The Campaign Spot

Signs of Spring: Crocuses, Baseball, and Armenian Genocide Resolution Fights

A House committee passed a resolution recognizing the Armenian Genocide, and Turkey recalled its ambassador.

Back in my years in Turkey and immediately after, I made pretty clear that I thought a congressional resolution recognizing the Armenian Genocide – or the “so-called Armenian Genocide,” as it must be called in Turkey under Turkish law — was a bad idea for U.S. interests:

First, reject any argument you hear that the Turks will get over this quickly, or that they will soon realize that they need us more than we need them. For starters, right now it’s entirely possible that we need them more than they need us – for use of Incirlik Air Base, for efforts against al-Qaeda in the region, for their troops in Afghanistan, for their continuing example that a Muslim country can be a functioning democratic Republic with free elections and free press, etc. (Turkey’s political system is far from perfect, but it works for them, and it is eons ahead of the country’s Arab neighbors.)

I knew many fine folks who worked at the U.S. Embassy in Ankara while I was in Turkey; more than a few were Democrats. They cheered the Democratic takeover of Capitol Hill . . . until they realized this mean Pelosi would pass the Armenian Genocide resolution, and make their jobs exponentially more difficult for years to come.

To me, this resolution comes down to cost against benefit. We get the benefit of denouncing violent acts from nearly a hundred years ago. Rep. Tom Lantos, D-Calif., contends that this act will restore American moral authority around the world, a strong an argument as I’ve ever heard . . . for making members of Congress take drug tests. When it comes to this resolution, 1.5 million Armenians will love it, 80 million Turks will hate it, and the rest of the world will be indifferent.

Our foreign policy is now in the hands of Pelosi: willing to meet with Syrian dictators, but refusing to meet with Turkish members of parliament.

Is the aim of this to louse up our effort in Iraq? If the upside were bigger, and the downside were smaller, this kind of talk would be easier to dismiss.

I haven’t quite changed my mind, but I think I feel less strongly about this now than I did in the past, for a few reasons. One, our mission in Iraq is gradually winding down. Staying on good terms with the Turks is still important, but it is not quite as supremely vital as it was in previous years. Two, the decisions of the current Turkish government, headed by Erdogan, are increasingly irksome, pushing the country in a more Islamist direction. As I put it a year ago:

Prime Minister Recep Tayyip Erdogan delivered an anti-Israeli tirade and stormed out of a panel with Israeli president Shimon Peres at Davos. Polls indicate that that Turks like Obama more than they like Americans. New lawsuits against cartoonists and journalists have weakened freedom of the press in a country where it had generally thrived not long ago. The Turks’ foreign policy has turned away from Europe and gotten closer to Russia and much warmer toward Hamas, Hezbollah, and Syria than it was a short while ago.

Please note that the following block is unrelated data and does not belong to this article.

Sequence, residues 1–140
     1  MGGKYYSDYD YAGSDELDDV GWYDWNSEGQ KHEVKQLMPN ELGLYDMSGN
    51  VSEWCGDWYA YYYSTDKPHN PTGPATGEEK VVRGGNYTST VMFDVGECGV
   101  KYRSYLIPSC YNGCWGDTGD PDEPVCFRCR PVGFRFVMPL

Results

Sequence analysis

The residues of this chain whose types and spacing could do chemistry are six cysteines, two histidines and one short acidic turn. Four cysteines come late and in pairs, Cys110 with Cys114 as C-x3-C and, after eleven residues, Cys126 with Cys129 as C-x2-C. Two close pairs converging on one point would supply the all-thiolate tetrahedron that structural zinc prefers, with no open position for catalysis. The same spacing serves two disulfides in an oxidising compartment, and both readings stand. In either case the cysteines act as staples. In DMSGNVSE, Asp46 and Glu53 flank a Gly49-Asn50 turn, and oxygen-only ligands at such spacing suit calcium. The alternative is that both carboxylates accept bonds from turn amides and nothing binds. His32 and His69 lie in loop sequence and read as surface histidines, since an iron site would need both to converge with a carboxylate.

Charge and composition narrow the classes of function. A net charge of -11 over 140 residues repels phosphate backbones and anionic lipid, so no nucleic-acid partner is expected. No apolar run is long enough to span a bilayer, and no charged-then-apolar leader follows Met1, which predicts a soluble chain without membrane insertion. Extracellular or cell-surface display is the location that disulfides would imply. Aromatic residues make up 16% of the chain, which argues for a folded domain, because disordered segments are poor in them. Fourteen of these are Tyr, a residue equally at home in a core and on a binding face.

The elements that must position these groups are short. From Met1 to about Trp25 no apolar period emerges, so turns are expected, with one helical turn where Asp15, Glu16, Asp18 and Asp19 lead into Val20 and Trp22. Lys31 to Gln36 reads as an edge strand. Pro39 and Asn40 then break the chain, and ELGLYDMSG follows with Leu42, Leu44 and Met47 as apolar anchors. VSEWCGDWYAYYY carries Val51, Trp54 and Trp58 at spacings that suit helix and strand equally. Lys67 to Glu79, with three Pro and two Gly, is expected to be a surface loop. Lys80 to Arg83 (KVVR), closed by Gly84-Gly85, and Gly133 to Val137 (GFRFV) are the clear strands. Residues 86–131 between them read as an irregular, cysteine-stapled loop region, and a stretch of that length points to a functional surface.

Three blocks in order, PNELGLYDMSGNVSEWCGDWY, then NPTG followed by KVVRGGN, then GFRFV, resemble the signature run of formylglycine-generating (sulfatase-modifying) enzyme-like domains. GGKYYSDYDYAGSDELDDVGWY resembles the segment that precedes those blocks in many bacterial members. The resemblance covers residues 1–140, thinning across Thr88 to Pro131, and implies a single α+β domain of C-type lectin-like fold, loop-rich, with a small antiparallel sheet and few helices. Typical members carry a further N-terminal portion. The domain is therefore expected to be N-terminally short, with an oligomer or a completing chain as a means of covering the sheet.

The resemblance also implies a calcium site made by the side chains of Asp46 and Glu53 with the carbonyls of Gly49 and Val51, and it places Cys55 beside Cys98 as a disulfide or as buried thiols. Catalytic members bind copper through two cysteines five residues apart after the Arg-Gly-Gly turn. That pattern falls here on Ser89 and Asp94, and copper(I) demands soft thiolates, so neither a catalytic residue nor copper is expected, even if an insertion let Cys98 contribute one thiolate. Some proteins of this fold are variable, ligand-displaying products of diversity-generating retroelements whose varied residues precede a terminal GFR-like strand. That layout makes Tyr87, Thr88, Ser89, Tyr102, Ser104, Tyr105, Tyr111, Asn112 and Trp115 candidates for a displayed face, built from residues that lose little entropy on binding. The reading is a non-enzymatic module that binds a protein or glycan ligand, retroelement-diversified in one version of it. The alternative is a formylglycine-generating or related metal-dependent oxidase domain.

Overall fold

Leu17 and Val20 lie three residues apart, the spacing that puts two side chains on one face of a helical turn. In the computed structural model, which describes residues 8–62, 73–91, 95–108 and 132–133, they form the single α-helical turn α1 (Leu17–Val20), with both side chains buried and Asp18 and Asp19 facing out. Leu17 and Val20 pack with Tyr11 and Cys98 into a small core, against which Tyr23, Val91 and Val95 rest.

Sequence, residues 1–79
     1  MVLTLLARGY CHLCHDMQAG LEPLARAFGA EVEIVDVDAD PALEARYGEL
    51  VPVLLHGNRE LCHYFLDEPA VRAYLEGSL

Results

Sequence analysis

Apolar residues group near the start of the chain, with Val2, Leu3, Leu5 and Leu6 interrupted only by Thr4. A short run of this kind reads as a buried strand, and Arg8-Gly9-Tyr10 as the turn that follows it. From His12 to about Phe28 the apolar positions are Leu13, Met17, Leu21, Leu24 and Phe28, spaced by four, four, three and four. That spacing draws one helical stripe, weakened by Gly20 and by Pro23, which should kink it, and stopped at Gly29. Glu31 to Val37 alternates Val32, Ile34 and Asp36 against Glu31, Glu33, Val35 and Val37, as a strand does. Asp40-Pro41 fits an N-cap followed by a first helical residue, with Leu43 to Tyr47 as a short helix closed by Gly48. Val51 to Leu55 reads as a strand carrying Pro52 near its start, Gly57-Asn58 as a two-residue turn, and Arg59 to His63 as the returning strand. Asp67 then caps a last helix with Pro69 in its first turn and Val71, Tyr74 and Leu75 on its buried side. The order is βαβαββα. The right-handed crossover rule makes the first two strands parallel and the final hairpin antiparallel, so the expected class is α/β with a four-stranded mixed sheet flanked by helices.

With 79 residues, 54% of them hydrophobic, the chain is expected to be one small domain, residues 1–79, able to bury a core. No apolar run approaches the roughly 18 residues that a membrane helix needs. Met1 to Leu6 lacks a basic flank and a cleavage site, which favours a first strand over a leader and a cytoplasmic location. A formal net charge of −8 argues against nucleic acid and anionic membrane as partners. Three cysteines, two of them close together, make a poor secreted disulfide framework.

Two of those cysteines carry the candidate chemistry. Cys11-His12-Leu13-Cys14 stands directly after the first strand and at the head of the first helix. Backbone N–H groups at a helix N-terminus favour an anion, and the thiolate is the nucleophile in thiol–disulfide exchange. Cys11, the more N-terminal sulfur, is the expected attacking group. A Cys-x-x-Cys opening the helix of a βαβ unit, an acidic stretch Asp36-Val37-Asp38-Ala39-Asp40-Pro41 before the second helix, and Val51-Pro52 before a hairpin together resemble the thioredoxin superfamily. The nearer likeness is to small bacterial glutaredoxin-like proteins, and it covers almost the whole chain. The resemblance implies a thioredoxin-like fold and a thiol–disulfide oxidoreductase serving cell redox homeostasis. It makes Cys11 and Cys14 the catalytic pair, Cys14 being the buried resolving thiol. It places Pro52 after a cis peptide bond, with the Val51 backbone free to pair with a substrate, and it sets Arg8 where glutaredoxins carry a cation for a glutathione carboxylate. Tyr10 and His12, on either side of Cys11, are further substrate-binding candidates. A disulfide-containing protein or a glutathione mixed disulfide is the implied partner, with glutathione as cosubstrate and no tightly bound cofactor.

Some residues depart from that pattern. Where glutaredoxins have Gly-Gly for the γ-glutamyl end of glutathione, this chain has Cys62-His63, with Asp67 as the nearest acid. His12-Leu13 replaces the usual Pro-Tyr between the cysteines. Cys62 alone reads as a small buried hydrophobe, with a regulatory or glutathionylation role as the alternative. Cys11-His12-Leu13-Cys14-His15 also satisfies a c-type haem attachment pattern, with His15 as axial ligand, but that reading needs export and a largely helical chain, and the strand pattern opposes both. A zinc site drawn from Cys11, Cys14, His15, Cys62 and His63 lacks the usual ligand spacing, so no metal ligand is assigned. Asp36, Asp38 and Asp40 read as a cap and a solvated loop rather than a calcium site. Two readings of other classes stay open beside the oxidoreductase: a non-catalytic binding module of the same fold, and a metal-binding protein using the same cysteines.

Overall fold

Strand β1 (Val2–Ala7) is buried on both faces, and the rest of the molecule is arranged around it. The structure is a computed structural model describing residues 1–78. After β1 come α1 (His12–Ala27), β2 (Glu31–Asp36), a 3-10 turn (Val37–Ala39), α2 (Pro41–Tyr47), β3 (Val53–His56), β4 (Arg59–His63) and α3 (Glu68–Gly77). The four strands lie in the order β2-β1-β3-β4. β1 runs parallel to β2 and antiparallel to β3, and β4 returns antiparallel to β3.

The Turks don’t have to make decisions that we like, but they ought to recognize that when they do, there are consequences, including a waning interest in discouraging developments that irk them, like the Armenian Genocide resolution. Three, Obama pretty explicitly promised this as a candidate, and then that promise reached its expiration date; while his reluctance to keep that promise is probably better for our national interest and security, I don’t like applauding Obama for breaking his promises. Part of me wants to see Obama endure the consequences of a short-sighted promise designed to win over Armenian-Americans.

[I can hear some folks charging reason number four: You don’t live in Turkey anymore, you big weenie. Yes, you do become more attuned to a foreign country’s opinion when you live among them, and it’s easier for me to ignore the resolution question entirely; I haven’t kept up with Turkey-related news anywhere nearly as much as I would like.]

I still think passing the resolution brings more downside than upside, but who am I to doubt the commander-in-chief who nicknamed himself “LeBron James”? Perhaps he can talk it over in the White House meeting room with Jay-Z.

UPDATE: Ah, one of those typically warm and temperate responses:

What a shame! Had you been alive in 1914, you would have helped the Turks kill the last Armenian so that today no one would raise the issue of the Armenian genocide just to annoy you.

Without your help raping, torturing and butchering all the Armenians, some Armenians simply escaped and now despite your wishes seem to want historical justice. More annoyingly for you, the Armenian genocide issue is never going to be resolved and you will always be irritated.
After all, Hitler was wrong when he said, “Who remembers the Armenian genocide now.”

He must not have known about you. You always seem to remember the Armenian genocide and whenever the subjects comes up, you feel terribly aggravated. How dare Armenians interfere in the world order that you as a sympathizer of everything Turkish want to see established? If only the Turks had managed to kill the last Armenian, with or without your help, Americans would not be faced with some insignificant matter like the genocide of 2 million Armenians now!
You make the genocidal Turks always proud.

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